We hope Sen. Hutchison has abandoned the proposition that puts national security at risk of inviting Chinese investment in our space program to offset part of budget tightening. Her misplaced priorities have forced belt tightening in the wrong place for NASA, Texas, and science on earth: cuts in the studying of what NASA learns in space has led to what experts dub "space tourism" and a change in the NASA mission statement to eliminate learning about the earth in which we live.
Senator Hutchison has decided that NASA's priorities on a limited budget are not aligned with hers.
When the effects of poor senate leadership for Texans are publicized (antitrust objections to the Wright Amendment, for example) Texas' senior senator picks up her pen and objects to the federal government, just as she complained about lack of hurricane relief for Texas, blaming the "federal government."
Sen. Hutchison should acknowledge that, in her continued criticism of the federal government, she is Texas' senior representative in the federal government. She claims she has tremendous power on the apropriations committee. Yet, after 13 plus years and senate seniority from Texas, she's been unable to bring home government spending in fair proportion for Texas.
Here's the latest example: Sen. Hutchison was unable to get enough apropriations for NASA. Experts say the scientific research area has been cut to such a degree that the manned flights now amount to "space tourism" with inadequate study of data brought home. To defend the cutbacks she caused, she now complains about the federal agency she's been starving.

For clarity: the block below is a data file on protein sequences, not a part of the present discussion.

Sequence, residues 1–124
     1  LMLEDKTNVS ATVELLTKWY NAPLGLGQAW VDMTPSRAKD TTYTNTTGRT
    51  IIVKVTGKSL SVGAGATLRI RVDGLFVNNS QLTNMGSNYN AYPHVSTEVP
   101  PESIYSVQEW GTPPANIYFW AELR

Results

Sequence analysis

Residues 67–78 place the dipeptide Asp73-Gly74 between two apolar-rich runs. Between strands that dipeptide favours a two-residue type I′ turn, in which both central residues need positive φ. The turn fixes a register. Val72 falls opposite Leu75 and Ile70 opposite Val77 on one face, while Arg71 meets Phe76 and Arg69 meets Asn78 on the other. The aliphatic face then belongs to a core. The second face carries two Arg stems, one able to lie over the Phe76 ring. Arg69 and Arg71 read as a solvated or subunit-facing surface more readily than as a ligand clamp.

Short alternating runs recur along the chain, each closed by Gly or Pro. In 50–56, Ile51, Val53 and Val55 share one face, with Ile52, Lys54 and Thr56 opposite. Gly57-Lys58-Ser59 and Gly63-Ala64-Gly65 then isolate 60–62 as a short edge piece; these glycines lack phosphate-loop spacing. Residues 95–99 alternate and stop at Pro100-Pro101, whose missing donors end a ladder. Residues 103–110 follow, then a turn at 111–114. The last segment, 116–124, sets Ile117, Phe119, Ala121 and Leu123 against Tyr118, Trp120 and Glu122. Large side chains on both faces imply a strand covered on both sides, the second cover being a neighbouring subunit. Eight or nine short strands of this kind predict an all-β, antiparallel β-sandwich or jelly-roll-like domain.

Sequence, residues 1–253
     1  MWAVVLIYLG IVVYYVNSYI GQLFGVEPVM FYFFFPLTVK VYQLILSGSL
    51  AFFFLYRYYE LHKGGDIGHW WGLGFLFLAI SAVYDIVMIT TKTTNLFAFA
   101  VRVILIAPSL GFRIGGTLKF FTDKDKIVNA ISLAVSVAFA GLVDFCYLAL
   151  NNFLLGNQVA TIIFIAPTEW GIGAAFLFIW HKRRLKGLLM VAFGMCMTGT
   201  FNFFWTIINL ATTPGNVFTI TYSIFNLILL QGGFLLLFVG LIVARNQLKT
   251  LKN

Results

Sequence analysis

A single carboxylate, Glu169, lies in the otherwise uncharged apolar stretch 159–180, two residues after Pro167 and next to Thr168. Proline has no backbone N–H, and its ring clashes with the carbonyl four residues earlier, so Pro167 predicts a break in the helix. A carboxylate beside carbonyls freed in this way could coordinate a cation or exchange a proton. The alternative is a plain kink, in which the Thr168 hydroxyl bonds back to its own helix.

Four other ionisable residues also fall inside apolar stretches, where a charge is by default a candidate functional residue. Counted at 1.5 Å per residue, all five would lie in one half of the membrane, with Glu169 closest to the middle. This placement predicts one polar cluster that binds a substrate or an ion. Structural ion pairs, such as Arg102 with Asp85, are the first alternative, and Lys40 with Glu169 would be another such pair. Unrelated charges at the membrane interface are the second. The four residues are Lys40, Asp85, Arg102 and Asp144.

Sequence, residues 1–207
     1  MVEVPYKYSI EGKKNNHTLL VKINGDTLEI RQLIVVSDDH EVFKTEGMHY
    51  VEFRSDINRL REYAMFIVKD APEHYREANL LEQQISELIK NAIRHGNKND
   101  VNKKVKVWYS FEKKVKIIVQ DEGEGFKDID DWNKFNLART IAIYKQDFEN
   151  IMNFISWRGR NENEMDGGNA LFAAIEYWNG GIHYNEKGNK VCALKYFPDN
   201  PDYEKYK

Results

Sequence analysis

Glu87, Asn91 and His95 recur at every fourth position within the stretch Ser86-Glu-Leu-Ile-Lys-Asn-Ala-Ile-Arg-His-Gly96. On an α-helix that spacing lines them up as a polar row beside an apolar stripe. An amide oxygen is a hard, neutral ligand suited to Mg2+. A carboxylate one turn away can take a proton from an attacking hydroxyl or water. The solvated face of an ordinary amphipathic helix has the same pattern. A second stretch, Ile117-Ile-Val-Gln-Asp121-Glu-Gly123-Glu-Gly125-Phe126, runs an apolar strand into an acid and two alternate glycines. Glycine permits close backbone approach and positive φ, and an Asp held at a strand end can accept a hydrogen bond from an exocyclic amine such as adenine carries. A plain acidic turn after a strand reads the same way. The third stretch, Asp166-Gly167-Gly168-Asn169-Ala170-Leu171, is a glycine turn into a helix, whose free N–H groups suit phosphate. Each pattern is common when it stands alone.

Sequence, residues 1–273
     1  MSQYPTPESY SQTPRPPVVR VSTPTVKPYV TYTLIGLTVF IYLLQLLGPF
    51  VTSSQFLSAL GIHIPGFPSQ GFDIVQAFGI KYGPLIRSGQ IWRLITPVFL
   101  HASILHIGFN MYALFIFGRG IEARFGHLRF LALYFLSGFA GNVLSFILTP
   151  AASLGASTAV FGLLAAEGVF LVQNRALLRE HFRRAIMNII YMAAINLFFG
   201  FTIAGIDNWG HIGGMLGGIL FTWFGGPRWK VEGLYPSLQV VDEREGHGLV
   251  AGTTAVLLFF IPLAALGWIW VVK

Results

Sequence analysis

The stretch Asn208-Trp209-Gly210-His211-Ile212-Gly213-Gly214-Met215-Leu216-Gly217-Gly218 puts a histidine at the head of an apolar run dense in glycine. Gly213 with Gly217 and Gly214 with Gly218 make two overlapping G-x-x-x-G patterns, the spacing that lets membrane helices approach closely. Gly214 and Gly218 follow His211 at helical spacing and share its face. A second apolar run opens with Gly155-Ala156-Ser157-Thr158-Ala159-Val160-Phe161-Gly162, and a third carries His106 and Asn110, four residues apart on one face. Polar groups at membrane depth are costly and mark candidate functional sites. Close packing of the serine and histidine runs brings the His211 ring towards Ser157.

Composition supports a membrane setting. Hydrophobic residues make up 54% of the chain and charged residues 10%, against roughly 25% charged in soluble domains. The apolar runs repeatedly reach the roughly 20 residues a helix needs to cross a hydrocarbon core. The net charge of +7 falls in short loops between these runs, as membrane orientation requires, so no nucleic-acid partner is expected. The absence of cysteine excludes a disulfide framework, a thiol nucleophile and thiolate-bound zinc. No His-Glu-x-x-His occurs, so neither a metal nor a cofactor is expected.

Here's the opening of her press release:
Senator Hutchison Expresses Concern at Possible International Space Station Research Suspension by NASA
Date Released: Friday, August 11, 2006
Source: Sen. Hutchinson
WASHINGTON - This week, U.S. Senator Kay Bailey Hutchison (R-TX), Chairman of the Senate Commerce Subcommittee on Science and Space, in a letter to NASA Administrator Dr. Michael Griffin expressed concern that NASA may be considering suspension of International Space Station (ISS) research for up to a year.
Excerpts from her letter:
Dear Dr. Griffin:
We are writing to express concerns at recent reports that NASA is considering the suspension of International Space Station (ISS) research for at least a year and as much as three years. We are well aware that NASA has been operating within a severely constrained resource environment at the same time it is undertaking the new activities contemplated by the Vision for Space Exploration.
"If NASA needs to find savings in FY 2007, or needs to restore depleted Space Station reserves, it should not be looking to take those funds from the very realm of activity that the Space Station is intended to support and the very foundation of congressional support for the space station over the past twenty-two years. "
The senior senator has now publicly released the letter. She did not tell the adminsitrator where he should find the money. She has never identified what military or special interests have projects or needs requiring the work she demands in the next year, nor her rationale for replacing her expertise in space science and exploration research with that of NASA's.